A study conducted by scientists from the University of Florida found that chronic stress hinders the body's ability to lose weight by stimulating the production of the protein betatrophin responsible for reducing the body's capability to break down fat, reported Daily Mail on Thursday.
"Stress causes you to accumulate more fat, or at least slows down fat metabolism," noted co-author of the study Dr. Li Jun Yang, professor at the UF College of Medicine. "This is yet another reason why it's best to resolve stressful situations and to pursue a balanced life."
The researchers studied the body fat regulation properties of betatrophin on mouse and human cells and found that when mice experience metabolic stress, they produce a significant amount of betatrophin in their systems. In addition, their bodies' fat-burning processes were also found to have decreased noticeably.
Environmental stress on mice also increased their betatrophin production in their livers and fat tissue.
The researchers, therefore, concluded that betatrophin hampers the production of adipose triglyceride lipase, which is the enzyme responsible for breaking down stored fat.
According to Psych Central on Thursday, the latest findings on betatrophin's role in stress and weight loss are yet to be tested in a clinical setting, but one researcher recognizes its importance in the lives of humans.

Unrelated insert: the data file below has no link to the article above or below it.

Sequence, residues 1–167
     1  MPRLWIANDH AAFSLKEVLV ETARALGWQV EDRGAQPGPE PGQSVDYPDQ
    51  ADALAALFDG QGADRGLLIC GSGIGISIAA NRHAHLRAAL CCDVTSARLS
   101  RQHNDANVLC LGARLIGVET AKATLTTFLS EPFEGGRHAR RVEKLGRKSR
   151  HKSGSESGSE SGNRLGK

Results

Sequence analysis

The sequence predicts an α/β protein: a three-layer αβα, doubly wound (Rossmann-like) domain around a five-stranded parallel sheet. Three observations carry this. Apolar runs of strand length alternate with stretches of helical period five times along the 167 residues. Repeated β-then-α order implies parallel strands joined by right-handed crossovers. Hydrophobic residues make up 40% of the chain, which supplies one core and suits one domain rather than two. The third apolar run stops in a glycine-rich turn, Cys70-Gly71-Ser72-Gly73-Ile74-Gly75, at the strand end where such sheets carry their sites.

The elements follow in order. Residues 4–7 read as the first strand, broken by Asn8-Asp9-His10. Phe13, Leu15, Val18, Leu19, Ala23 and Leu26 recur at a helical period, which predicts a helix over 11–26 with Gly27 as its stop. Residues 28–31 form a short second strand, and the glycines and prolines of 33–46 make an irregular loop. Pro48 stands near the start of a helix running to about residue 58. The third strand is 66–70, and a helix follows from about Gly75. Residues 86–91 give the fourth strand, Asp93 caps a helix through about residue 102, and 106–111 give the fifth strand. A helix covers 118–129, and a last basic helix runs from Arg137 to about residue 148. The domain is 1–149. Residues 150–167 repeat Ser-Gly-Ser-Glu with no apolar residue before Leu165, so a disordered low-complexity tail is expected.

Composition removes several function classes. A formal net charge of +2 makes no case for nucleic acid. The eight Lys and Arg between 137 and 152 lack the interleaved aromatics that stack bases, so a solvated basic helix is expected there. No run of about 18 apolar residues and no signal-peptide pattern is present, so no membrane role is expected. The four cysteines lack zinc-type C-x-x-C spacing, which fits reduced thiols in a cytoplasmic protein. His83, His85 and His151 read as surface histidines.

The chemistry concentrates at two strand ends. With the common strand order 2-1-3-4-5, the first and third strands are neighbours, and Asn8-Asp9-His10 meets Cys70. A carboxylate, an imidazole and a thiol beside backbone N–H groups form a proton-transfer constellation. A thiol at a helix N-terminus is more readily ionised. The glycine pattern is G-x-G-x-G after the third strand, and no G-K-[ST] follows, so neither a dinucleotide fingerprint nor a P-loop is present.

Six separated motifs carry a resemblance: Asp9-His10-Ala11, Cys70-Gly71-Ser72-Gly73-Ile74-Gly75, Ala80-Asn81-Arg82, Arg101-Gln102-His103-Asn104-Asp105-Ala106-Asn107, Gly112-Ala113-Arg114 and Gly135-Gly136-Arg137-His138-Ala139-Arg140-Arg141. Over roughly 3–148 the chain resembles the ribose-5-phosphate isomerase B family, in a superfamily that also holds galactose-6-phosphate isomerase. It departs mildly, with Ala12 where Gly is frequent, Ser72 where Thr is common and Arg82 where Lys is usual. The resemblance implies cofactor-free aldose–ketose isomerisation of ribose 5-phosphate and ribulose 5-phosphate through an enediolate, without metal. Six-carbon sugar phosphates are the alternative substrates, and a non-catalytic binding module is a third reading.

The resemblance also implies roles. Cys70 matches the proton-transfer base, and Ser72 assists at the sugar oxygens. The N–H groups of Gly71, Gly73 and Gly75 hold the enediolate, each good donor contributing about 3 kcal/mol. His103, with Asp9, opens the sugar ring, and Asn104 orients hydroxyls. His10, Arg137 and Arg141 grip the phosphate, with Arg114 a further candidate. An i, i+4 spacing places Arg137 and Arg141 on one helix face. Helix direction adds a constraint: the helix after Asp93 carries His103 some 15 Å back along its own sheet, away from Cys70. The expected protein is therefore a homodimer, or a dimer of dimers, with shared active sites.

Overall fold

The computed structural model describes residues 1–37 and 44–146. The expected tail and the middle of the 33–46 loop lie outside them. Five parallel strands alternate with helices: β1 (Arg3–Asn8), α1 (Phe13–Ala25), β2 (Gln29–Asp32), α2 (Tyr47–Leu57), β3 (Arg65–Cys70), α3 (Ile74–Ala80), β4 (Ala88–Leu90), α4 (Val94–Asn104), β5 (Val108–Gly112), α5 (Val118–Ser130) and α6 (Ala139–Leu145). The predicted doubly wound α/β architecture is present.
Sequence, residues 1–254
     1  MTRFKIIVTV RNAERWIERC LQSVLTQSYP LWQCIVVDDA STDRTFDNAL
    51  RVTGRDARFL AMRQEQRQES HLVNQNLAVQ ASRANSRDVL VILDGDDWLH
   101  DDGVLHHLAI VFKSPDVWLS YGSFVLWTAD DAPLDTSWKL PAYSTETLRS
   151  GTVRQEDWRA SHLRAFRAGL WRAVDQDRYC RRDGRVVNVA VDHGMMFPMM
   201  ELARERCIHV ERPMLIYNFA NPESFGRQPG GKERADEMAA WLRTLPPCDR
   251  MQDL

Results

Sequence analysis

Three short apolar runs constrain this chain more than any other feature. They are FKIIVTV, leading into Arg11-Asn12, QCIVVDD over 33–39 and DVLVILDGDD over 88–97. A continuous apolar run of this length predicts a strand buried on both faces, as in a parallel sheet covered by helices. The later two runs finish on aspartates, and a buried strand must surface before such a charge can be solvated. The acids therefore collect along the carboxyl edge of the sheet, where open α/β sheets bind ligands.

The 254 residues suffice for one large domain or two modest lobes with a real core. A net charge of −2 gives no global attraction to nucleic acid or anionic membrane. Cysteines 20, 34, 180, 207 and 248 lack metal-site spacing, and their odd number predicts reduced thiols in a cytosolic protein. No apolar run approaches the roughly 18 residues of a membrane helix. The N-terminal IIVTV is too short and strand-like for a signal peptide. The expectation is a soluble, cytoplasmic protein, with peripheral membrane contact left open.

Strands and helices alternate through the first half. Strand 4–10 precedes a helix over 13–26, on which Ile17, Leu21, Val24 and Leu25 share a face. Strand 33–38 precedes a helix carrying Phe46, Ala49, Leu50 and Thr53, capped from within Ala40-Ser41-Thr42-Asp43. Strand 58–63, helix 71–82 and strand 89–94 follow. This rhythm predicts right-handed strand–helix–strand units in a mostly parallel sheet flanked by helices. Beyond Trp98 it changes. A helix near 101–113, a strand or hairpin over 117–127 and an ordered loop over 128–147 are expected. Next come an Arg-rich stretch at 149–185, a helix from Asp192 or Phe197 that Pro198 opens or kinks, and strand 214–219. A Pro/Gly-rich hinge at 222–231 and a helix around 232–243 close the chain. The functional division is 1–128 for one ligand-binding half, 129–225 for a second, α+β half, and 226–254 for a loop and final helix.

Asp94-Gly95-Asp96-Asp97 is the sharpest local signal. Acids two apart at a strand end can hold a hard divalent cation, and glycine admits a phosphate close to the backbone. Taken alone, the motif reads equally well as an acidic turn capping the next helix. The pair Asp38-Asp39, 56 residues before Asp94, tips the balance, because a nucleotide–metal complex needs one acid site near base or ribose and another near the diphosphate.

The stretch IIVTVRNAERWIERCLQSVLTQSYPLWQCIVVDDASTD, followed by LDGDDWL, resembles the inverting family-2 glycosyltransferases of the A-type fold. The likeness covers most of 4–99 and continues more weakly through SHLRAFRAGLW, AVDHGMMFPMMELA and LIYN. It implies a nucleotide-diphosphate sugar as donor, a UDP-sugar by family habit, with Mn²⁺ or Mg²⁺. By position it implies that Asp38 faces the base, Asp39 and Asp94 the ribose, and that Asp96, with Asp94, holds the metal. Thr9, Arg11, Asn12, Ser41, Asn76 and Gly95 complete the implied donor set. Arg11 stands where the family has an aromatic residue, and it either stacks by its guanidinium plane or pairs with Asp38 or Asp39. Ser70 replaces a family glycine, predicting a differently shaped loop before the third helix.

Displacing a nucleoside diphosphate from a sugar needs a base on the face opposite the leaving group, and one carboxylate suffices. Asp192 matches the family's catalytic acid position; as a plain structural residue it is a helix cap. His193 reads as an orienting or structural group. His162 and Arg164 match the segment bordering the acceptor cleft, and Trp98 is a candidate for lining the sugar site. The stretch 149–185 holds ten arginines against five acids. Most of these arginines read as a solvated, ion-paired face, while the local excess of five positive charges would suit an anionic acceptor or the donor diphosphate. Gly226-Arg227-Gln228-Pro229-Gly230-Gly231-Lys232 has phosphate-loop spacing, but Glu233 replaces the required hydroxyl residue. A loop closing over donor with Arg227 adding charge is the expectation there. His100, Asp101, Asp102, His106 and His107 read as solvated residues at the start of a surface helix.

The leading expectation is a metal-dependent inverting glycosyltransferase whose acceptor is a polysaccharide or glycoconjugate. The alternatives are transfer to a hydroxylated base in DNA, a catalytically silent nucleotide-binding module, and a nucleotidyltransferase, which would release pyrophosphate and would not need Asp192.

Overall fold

"Betatrophin reduces the body's ability to break down fat, underscoring a link between chronic stress and weight gain," said Yang.
Daily Herald noted on Wednesday a few tips on how to handle stress - the fat-free way.
One is by addressing the root of the problem in order to avoid prolonging the stress. Another is getting in control of your bad habits, instead of letting it control you.
Decluttering your space and mind can also help avoid stress, as well as learning how to prioritize all your tasks at hand.
Lastly, ensure that you are getting proper nutrition and enough sleep.
"Stress keeps more than 40 percent of adults lying awake at night," reports the American Psychological Association. "To help ensure you get the recommended seven or eight hours of shut-eye, cut back on caffeine, remove distractions such as television or computers from your bedroom, and go to bed at the same time each night. Research shows that activities like yoga and relaxation exercises not only help reduce stress, but also boost immune functioning."